EU: Plan to Crack Down on Illegal Wildlife Trade Approved
The Ministers of the European Union’s Environment Council unanimously approved the conclusions of the EU Action Plan against wildlife trafficking and poaching, strengthening the fight against these activities within the EU and globally.
five-year plan, which was approved by the European Commission last February. This plan could have been implemented from that moment on, but the Council’s conclusions on Monday “send a political signal of EU Member States’ support to the plan,” said Ester Arauzo Azofra, press officer at the Council of the European Union in an email to OCCRP.On Monday, the Council agreed to implement a
Tackling wildlife trafficking is crucial given its impact on biodiversity and the environment, but also on development and security – wildlife trafficking money has funded militias and transnational organized crime groups.
Illegal wildlife trade is worth US$7 to 23 billion per year. Environmental crime is estimated to generate between US$ 91 to 258 billion annually, a 26 percent increase from 2014. According to Interpol, this value makes environmental crime the fourth largest in the world after drug trafficking (US $344 billion), counterfeit crimes (US $288 billion) and human trafficking (US $157 billion), according to an Interpol report.
“High profits, coupled with the low risk of detection and the penalties, generally much lower than for trafficking in drugs or firearms, make wildlife trafficking an attractive area for organized criminal groups,” according to the EU Commission.
According to EU statistics, 1,200 rhinoceros were killed in 2014, compared to 13 rhinoceros in 2007, while the elephant population has fallen more than 60 percent in Tanzania over the past five years, from 110,000 elephants to under 44,000. An estimated 20,000 to 30,000 elephants have been killed illegally every year since 2011.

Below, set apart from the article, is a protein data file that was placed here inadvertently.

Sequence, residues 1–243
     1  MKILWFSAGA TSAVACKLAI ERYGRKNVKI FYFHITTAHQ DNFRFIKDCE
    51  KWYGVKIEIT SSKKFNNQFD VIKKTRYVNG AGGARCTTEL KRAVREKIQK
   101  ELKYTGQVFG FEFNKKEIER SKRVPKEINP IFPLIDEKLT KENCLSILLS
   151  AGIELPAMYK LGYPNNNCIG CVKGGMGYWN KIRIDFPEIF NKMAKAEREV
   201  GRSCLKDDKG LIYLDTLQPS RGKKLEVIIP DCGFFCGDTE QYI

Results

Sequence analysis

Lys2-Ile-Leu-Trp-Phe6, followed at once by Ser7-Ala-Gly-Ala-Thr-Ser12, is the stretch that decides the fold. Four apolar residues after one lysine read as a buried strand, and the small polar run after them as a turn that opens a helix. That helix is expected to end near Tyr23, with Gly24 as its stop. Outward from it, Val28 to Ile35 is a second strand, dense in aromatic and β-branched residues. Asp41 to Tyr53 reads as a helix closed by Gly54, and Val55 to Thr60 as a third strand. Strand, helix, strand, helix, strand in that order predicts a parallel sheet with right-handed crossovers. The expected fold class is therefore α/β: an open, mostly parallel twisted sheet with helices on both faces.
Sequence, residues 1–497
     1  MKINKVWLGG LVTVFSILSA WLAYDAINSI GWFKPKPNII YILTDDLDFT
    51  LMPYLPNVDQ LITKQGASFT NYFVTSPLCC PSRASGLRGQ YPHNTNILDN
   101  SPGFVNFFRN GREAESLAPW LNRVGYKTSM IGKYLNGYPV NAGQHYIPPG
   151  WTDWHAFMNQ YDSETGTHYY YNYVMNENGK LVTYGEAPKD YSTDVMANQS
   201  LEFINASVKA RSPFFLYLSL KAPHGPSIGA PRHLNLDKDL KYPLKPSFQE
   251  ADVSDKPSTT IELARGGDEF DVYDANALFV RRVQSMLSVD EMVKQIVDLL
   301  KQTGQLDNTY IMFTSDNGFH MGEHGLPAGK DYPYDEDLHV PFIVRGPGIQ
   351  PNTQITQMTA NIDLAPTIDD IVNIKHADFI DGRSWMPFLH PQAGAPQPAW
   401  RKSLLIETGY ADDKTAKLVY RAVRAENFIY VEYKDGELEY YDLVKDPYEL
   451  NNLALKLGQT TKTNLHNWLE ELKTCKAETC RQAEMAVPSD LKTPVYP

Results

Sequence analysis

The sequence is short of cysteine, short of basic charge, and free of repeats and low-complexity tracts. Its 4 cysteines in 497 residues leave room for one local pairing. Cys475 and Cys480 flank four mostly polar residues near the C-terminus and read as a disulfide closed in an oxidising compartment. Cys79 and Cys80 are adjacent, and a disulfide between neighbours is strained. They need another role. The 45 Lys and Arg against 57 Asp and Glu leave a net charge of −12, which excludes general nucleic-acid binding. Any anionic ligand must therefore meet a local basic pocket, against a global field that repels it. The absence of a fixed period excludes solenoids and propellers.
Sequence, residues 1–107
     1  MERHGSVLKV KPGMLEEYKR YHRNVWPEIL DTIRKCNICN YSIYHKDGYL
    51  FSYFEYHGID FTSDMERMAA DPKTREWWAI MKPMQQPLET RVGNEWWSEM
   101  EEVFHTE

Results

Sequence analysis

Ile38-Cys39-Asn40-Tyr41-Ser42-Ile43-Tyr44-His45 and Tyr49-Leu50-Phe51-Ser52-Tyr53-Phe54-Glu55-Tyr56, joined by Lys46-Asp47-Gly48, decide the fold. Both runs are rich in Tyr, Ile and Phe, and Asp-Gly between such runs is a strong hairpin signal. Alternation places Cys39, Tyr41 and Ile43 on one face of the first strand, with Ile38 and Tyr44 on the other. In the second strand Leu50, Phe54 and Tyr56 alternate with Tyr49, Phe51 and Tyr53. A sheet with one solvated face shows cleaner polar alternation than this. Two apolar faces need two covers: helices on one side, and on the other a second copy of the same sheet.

The EU is a destination market and transit region for illegal wildlife trade, and a source or export region for trafficking in endangered species – a facet usually underestimated by enforcement agencies, “which tend to focus instead on checking goods imported into the EU or in transit through it,” according to the EU Commission.
The continent accounts for around “a third of all ivory seizures worldwide, with Belgium, France, Portugal and the UK acting as key transit routes,” according to the International Fund for Animal Welfare. The main countries of origin of products exported illegally to the EU include the US, mainland China and Hong Kong, and Thailand.
Europol's Serious and Organized Crime Threat Assessments has also highlighted the increasing role of organized crime groups involved in wildlife trafficking within the EU. The plan invites EU member states to review their national laws to make organized wildlife trafficking a serious crime, punishable by imprisonment of at least four years.
The plan includes 32 measures – such as strengthening the “engagement of rural communities in the management and conservation of wildlife” and boosting the “capacity of relevant experts to tackle the links of wildlife trafficking with organized crime,” according to the document. It also sets out “who is responsible for implementation, by which timeline and what the expected results are.” The Commission will be monitoring the implementation of the measures and will assess the results at the end of 2020.
The plan aims to end poaching and trafficking of protected species, reduce the demand and supply of illegal wildlife products, implement and enforce the existing rules, and increase cooperation among countries and with international organizations.